For it was fitting that we should have such a high priest, holy, blameless, undefiled, separated from sinners, and exalted above the heavens. Unlike the other high priests, he has no need to offer sacrifices day after day, first for his own sins, and then for those of the people; this he did once for all when he offered himself. For the law appoints as high priests those who are subject to weakness, but the word of the oath, which came later than the law, appoints a Son who has been made perfect for ever.
The second voice from our Reformed tradition that I invite you to listen to is Friedrich Schleiermacher (1768-1834). Influenced by the German Romantic movement, Schleiermacher was a preacher and theologian who tried to make religion believable to people with modern assumptions. With his definition of religion as ‘the feeling of absolute dependence on God’, he is regarded by some as the founder of modern theology.
What was singularly important to Schleiermacher about the earthly Jesus was his unbroken consciousness of God and relationship with God. By virtue of this, Christ remains the advocate on behalf of the entire human race. Like a high priest, Christ brings our prayers before God and delivers divine blessings to us. At the same time, though, Christ is the end of individual human priesthood traditionally understood. Christ passes his priestly activity to the communal body of the faithful in such a way that Christians as a whole are called a priestly people. The Church’s mission is to be Christ’s advocate to the entire human race (Christian Faith, §104.5-6).
One of the most powerful parts of the Gospel message we advocate is the belief that Christ offered himself as an atoning sacrifice for sin “once for all.” The Cross towers over all disputes about who did what to whom, claiming that the price has been paid, reparation has been made, and redemption has been achieved for all who embrace it. We embrace redemption when we let go of our grievances, and our achievements, and lay them at the foot of the Cross. Christ’s perfect once-for-all self-sacrifice on the Cross reduces our grievance and achievement tally to zero. This is not, or ought not to be, license to neglect justice. It is rather the permission to regard oneself and others as equally loved and redeemed sinners in the sight of God. Schleiermacher believed that we need to feel redemption—affectively—in order to believe and experience it. Redemption necessarily involves heart and head and body.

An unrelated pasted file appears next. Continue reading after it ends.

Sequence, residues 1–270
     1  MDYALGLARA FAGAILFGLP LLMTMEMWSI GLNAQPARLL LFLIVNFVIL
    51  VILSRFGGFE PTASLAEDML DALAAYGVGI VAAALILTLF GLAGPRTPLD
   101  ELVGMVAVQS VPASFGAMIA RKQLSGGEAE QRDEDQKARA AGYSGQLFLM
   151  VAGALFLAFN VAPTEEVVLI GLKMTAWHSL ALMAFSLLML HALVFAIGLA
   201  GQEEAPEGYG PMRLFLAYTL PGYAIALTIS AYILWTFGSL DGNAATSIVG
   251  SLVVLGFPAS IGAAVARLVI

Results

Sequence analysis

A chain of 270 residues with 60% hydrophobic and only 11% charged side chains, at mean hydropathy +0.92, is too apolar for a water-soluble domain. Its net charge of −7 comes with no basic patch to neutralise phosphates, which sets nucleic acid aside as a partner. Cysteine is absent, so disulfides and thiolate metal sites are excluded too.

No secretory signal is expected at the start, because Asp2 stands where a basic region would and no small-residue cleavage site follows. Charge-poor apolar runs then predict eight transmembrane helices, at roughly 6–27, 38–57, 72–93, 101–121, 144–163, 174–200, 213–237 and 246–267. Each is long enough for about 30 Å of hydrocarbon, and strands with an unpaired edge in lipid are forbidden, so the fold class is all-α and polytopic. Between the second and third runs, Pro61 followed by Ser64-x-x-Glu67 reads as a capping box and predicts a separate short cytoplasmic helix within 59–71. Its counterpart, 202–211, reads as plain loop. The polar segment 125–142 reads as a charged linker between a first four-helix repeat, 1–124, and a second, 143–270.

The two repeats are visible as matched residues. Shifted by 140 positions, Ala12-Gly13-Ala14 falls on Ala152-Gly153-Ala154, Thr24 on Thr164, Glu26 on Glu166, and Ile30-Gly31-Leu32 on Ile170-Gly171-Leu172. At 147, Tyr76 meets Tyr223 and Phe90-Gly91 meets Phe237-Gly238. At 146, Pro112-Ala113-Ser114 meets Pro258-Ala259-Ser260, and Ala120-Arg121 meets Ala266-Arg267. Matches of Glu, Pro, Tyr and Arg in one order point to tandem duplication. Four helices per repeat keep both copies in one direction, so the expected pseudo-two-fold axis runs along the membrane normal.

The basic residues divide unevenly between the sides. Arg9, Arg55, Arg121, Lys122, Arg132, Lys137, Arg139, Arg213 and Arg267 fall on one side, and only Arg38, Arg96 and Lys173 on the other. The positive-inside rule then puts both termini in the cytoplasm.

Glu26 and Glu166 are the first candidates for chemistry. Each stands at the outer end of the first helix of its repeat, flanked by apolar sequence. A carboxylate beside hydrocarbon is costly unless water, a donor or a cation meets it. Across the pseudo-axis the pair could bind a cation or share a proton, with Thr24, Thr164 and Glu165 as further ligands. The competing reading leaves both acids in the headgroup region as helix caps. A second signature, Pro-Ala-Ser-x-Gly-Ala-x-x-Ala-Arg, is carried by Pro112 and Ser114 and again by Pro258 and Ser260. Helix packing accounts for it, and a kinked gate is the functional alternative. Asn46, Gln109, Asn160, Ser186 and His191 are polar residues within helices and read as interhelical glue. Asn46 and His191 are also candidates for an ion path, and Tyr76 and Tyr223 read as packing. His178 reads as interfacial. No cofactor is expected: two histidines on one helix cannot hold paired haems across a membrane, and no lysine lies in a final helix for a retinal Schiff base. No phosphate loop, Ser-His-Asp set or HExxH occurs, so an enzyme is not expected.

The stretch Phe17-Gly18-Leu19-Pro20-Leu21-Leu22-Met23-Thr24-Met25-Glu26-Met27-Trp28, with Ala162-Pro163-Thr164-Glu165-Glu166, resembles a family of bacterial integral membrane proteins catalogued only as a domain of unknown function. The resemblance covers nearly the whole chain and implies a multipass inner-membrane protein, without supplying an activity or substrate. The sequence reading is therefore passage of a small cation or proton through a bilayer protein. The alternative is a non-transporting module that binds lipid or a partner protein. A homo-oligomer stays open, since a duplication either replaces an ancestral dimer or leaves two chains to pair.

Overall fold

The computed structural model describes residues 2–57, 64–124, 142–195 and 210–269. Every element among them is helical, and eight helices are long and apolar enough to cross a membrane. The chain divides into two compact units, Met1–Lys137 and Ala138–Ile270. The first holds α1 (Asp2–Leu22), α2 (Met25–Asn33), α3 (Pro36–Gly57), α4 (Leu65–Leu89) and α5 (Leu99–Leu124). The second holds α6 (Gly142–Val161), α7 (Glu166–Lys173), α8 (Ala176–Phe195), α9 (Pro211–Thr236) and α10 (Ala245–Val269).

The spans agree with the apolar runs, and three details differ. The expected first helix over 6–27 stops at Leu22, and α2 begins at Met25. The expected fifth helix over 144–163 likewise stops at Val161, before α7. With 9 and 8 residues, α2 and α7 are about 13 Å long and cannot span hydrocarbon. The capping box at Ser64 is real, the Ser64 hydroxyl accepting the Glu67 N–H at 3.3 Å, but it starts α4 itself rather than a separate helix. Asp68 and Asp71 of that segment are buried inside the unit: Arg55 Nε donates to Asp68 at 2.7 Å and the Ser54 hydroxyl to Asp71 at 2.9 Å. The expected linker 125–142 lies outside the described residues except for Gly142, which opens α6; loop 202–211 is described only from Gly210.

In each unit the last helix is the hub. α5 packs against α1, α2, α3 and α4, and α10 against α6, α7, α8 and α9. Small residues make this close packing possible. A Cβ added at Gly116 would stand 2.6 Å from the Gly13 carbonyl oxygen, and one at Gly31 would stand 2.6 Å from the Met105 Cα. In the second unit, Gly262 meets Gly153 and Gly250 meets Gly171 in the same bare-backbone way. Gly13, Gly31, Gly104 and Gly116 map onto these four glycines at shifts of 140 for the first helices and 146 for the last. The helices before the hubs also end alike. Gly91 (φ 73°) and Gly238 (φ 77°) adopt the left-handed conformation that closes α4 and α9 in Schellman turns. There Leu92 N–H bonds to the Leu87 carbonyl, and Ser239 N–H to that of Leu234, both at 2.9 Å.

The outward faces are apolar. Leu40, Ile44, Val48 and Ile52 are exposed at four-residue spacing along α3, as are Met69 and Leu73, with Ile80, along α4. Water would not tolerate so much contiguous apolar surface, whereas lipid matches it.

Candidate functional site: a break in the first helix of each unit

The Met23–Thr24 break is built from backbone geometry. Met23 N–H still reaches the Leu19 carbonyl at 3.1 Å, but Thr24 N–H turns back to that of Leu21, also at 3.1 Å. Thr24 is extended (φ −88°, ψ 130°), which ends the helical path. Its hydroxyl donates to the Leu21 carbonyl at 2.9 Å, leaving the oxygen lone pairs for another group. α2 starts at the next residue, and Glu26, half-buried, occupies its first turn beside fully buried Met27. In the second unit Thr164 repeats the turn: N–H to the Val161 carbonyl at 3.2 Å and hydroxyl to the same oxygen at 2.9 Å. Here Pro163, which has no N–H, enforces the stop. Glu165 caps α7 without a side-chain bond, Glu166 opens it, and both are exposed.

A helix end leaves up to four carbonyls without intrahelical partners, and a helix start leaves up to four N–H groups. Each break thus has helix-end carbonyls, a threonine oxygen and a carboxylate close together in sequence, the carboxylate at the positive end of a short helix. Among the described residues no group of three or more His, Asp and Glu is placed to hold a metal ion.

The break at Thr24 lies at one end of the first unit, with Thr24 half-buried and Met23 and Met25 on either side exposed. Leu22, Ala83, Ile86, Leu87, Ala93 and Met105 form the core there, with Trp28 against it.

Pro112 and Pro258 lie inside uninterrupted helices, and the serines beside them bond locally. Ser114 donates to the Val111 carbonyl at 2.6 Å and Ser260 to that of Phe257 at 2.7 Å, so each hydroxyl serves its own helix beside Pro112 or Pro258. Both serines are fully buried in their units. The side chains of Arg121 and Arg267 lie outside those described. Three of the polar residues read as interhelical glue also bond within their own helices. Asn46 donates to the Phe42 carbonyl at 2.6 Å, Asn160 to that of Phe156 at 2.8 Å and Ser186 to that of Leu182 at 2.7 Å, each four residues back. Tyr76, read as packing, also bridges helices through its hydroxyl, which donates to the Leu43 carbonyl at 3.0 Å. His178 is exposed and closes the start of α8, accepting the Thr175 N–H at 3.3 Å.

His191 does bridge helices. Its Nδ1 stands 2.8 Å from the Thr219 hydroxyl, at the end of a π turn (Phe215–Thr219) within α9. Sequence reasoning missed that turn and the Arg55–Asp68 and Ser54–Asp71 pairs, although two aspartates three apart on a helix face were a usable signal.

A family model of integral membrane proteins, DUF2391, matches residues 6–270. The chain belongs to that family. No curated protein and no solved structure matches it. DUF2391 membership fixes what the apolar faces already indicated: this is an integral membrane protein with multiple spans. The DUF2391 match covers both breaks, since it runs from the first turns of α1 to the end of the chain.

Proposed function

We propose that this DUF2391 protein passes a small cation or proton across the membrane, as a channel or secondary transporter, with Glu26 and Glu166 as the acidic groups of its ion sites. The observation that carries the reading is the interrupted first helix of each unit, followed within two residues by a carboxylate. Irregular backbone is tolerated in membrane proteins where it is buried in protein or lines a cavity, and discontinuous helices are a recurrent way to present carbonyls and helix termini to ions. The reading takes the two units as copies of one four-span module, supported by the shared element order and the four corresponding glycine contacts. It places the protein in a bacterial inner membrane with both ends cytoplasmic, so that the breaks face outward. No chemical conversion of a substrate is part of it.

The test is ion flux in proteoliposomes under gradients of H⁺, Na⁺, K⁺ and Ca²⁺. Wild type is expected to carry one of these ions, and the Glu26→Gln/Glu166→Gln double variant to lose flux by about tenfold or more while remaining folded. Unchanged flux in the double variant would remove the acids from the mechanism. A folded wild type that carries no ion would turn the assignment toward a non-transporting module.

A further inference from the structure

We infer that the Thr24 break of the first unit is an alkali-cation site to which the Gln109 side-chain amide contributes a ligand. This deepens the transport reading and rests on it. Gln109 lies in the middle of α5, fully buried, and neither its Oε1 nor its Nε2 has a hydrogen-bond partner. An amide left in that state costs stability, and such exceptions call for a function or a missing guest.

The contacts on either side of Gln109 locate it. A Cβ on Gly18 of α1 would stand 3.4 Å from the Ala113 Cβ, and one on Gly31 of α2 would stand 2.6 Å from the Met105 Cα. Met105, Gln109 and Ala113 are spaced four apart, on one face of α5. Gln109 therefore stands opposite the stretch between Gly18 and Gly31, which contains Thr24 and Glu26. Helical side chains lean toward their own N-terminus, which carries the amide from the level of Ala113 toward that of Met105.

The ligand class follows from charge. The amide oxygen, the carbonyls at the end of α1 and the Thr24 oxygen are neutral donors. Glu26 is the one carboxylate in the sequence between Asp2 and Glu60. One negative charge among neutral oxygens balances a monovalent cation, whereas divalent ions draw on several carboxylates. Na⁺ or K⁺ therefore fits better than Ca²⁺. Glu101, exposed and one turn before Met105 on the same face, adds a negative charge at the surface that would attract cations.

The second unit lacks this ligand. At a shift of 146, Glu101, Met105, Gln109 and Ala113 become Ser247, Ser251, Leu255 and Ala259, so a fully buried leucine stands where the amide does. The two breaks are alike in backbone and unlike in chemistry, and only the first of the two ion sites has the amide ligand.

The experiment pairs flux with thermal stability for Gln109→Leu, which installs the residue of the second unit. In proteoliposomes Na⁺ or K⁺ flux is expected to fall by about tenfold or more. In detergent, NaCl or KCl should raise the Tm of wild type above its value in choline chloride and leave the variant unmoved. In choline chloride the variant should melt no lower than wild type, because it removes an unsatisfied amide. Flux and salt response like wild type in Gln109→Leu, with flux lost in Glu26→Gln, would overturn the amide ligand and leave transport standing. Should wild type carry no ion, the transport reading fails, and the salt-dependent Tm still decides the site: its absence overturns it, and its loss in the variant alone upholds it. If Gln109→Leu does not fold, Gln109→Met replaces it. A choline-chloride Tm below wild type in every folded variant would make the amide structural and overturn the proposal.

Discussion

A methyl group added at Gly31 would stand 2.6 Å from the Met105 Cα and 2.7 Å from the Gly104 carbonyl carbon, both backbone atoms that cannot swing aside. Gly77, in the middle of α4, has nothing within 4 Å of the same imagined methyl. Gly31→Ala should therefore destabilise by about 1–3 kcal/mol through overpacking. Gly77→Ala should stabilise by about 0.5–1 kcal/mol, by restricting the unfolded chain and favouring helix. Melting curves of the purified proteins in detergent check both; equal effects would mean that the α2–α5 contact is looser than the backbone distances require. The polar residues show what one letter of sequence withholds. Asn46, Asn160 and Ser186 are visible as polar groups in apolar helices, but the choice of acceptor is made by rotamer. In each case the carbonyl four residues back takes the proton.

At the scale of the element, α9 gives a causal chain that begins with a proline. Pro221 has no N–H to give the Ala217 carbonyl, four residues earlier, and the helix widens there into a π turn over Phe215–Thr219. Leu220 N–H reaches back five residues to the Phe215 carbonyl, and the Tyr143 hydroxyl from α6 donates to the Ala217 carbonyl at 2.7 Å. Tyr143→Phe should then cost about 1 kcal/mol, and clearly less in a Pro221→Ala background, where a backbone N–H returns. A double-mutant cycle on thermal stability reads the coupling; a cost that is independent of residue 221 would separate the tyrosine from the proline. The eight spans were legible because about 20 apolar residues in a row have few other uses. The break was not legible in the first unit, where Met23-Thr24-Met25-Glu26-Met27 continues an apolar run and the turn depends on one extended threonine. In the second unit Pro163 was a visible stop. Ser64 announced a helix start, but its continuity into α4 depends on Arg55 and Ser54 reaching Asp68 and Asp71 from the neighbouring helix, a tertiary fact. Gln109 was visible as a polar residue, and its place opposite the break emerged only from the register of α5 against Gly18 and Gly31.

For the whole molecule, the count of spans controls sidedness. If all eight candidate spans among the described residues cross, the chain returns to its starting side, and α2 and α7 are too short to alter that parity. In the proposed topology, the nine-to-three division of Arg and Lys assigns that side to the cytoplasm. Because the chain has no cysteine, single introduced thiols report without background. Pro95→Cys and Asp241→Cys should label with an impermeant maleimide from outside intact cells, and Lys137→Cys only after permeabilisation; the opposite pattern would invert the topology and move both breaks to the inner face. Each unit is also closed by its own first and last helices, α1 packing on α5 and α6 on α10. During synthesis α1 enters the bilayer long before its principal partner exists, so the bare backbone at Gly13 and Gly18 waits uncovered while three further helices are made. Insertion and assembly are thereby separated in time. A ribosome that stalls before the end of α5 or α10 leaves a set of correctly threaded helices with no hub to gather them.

O God our Redeemer, we sometimes find it difficult to let go of our grievances and achievements. In such times, set before us the once-for-all offering of Jesus. Let his perfect God-consciousness reset our grievance and achievement tally to zero, and liberate us in heart and head and action to share his blessedness.
The Rev’d Julian Templeton, Minister, St John’s URC, New Barnet